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South Korean president in US to discuss planned US-North Korea summit

South Korean President Moon Jae-in (R) and his wife, Kim Jung-sook, wave before leaving for the United States at the Seoul Airport in Seongnam, South Korea, on May 21, 2018. (Photo by AP)

South Korean President Moon Jae-in has traveled to the Unites States ahead of a summit that is supposed to be held between US President Donald Trump and North Korean leader Kim Jong-un.

Moon arrived in Andrews Base, Maryland, on Monday to meet Trump and determine whether Washington was still willing to go ahead with the summit after Pyongyang threatened to cancel it over American demands to denuclearize at once.

Moon’s visit to the US was originally arranged as a meeting to fine-tune a joint strategy for dealing with North Korea but has instead become more of a crisis session after Pyongyang last week threatened to scrap plans for the summit.

Yonhap news agency quoted a Blue House official as saying that Moon would “likely tell President Trump what to expect and what not to expect from Kim.”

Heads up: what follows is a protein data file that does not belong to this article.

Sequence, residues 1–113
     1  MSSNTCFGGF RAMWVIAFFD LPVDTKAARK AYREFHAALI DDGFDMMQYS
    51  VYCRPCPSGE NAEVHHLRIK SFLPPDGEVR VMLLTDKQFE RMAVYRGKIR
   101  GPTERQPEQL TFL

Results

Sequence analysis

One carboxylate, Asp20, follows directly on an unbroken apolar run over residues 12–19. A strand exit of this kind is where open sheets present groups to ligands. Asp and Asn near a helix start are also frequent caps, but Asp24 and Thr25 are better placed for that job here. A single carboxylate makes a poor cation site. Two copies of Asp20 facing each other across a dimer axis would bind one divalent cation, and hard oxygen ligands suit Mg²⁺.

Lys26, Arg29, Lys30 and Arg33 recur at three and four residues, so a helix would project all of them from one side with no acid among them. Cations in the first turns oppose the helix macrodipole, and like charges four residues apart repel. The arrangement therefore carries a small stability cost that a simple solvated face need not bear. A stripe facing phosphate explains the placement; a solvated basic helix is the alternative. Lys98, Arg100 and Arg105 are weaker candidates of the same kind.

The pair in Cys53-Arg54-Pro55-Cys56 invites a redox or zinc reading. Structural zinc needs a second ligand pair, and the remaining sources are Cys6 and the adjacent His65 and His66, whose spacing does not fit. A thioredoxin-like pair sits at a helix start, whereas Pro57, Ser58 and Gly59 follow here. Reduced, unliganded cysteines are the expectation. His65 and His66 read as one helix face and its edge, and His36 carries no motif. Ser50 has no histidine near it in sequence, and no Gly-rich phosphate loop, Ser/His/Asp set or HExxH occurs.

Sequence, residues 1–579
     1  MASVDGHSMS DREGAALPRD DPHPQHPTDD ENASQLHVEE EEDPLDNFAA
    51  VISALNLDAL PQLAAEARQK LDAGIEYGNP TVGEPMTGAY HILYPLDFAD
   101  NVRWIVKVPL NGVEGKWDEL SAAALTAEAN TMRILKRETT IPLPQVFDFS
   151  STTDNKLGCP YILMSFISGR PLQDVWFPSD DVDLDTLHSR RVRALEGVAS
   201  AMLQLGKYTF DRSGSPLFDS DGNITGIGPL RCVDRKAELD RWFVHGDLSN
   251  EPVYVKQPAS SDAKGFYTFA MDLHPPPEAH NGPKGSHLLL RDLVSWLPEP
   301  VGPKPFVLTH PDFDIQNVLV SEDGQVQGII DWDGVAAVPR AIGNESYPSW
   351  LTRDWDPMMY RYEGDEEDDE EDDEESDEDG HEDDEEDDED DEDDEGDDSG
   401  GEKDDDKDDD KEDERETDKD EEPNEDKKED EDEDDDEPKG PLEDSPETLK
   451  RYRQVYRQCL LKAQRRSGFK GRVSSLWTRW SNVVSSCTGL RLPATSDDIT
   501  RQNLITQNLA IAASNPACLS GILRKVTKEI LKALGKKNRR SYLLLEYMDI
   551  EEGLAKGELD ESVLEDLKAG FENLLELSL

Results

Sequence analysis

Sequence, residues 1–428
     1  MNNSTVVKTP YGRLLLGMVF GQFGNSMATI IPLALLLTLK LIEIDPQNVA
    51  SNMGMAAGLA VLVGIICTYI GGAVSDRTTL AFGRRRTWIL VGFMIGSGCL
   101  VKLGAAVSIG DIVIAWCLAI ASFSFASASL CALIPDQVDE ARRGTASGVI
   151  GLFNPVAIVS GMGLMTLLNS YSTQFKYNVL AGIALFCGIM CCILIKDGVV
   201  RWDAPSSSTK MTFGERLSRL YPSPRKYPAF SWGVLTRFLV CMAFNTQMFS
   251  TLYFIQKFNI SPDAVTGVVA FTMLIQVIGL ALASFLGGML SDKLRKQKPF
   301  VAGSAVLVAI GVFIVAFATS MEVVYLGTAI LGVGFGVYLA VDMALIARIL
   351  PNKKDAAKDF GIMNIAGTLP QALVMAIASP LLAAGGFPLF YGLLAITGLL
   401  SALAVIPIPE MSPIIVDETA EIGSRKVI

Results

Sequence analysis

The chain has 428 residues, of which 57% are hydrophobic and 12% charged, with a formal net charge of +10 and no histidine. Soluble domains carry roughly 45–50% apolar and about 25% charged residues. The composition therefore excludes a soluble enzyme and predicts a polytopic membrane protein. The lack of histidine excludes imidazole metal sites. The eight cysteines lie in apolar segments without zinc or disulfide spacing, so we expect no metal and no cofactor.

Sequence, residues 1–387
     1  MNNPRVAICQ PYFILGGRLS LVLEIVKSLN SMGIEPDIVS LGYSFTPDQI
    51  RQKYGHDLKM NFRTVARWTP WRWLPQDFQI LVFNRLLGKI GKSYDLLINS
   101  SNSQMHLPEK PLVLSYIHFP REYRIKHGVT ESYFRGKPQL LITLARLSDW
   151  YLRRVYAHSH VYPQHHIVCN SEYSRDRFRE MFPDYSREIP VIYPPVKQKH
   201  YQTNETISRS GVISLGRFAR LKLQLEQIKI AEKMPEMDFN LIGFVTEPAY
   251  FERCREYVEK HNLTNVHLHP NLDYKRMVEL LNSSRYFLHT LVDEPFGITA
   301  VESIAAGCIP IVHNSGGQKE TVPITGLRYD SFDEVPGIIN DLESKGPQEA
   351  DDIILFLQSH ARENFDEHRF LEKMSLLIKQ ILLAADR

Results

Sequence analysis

Moon’s government led efforts to resume dialog with North Korea and gave enthusiastic accounts of its encounters with Kim, offering Trump an invitation reportedly on North Korea’s behalf to a first-ever meeting between US and North Korean presidents.

Trump grasped the invitation as an opportunity to “do a deal” with North Korea.

If the summit is canceled or if it fails, it would be a major blow to what Trump supporters hoped would have been the biggest diplomatic achievement of his presidency.

Meanwhile, foreign journalists have arrived in Pyongyang to monitor the closing down of a nuclear test site, which North Korea has promised as a goodwill gesture.

New twists

The White House was caught off-guard when, in a new twist, North Korea condemned the latest US-South Korean military drills, suspended North-South talks, and threatened to cancel the summit scheduled for June 12.

Pyongyang, which has developed the nuclear and missile technology to allow it to hit the continental United States, insisted that it won’t be pushed toward “unilateral nuclear abandonment.”

Trump suggested that Kim’s apparent change of heart may have been at the behest of Chinese leader Xi Jinping.

“It could very well be that he (President Xi)’s influencing Kim Jong-un,” Trump said, citing a recent meeting between the Chinese president and the North Korean leader.

“We’ll see what happens,” Trump said.

But China, which has close ties with North Korea, has announced its support for the denuclearization of the Korean Peninsula and the potential Trump-Kim summit.

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